Hypokalemia Related to Distal Renal Tubular Acidosis as an Initial Presentation of Primary Sjogren’s Syndrome

I Gede Yasa Asmara, Maruhum Bonar Hasiholan Marbun


Hypokalemia due to loss of potassium through the kidneys can be caused by distal Renal Tubular Acidosis (dRTA). The etiology of dRTA can be primary due to genetic defects or secondary to autoimmune diseases, especially Sjogren’s syndrome (SS). The occurrence of dRTA in SS patients is low, at only 5% of cases. This case was interesting because dRTA was the initial clinical manifestation that led to the diagnosis of SS in the patient. A 48-year-old woman came with complaints of recurrent weakness. The patient was routinely hospitalized with severe hypokalemia and received potassium supplementation. The diagnosis of dRTA was based on repeated weakness, normal blood pressure, severe and recurrent hypokalemia, high urinary potassium, alkaline urine, low plasma bicarbonate, and standard anion gap metabolic acidosis. The diagnosis of SS in this patient was confirmed based on dry eyes, dry mouth, positive Schirmer’s test, and positive autoantibodies to SS-A and Ro-52. There was a delay in the diagnosis of SS for two years in this patient because the complaints were initially subtle and non-specific. The hypokalemia in this patient was secondary to dRTA associated with primary SS. The possibility of an underlying autoimmune disorder should be considered in a patient presenting with recurrent severe hypokalemia. dRTA, as the etiology of hypokalemia, can be a gateway to the diagnosis of SS. In this patient, complaints related to dRTA appeared before the onset of sicca symptoms, and the diagnosis of SS was established.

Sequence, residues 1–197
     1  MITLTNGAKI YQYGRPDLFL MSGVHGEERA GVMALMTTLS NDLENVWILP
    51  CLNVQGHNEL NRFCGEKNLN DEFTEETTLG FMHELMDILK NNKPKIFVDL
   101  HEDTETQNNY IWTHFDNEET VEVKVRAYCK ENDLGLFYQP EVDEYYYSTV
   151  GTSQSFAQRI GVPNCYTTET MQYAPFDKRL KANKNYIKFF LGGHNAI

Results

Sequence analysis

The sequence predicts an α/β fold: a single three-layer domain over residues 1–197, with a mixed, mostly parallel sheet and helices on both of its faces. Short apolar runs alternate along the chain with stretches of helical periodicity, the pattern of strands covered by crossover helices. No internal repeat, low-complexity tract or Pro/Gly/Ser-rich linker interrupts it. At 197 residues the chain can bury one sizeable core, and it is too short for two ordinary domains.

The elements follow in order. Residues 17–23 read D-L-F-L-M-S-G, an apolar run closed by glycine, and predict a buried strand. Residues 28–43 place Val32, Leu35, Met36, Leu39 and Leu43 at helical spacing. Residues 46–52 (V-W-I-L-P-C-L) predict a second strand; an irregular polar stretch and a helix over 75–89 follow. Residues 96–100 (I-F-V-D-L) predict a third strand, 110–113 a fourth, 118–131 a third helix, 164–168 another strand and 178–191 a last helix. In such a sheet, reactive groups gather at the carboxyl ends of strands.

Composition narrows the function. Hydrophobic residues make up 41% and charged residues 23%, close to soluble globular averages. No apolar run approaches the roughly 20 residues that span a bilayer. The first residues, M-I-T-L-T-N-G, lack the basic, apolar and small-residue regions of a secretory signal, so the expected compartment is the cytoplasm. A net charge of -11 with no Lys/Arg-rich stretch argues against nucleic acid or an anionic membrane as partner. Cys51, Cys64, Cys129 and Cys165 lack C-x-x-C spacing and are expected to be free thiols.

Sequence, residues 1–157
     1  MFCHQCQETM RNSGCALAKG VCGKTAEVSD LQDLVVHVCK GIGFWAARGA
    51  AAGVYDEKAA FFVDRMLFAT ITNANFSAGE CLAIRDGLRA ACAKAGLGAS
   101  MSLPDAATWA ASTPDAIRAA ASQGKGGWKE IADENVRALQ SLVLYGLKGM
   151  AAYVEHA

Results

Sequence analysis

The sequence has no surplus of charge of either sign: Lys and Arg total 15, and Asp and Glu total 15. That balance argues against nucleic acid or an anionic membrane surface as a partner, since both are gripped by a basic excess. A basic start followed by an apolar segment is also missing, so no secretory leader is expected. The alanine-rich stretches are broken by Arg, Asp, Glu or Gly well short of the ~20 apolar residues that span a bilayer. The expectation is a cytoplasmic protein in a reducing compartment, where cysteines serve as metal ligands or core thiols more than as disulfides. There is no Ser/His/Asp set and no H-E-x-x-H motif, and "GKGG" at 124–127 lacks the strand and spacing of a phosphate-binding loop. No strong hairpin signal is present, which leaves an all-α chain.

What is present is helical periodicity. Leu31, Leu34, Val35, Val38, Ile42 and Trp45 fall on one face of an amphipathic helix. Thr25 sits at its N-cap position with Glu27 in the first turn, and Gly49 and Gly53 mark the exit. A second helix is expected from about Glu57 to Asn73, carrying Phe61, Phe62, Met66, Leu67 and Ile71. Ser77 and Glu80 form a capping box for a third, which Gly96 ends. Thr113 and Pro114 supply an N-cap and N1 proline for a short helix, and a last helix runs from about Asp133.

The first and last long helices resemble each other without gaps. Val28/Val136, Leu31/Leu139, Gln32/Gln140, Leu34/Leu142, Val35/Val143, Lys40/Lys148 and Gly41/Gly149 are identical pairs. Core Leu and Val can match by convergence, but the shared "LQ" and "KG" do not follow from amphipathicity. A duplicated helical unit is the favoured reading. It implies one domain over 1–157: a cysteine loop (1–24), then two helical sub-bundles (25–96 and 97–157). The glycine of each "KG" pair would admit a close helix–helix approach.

Distal Renal Tubular Acidosis; Hypokalemia; Sjogren's Syndrome


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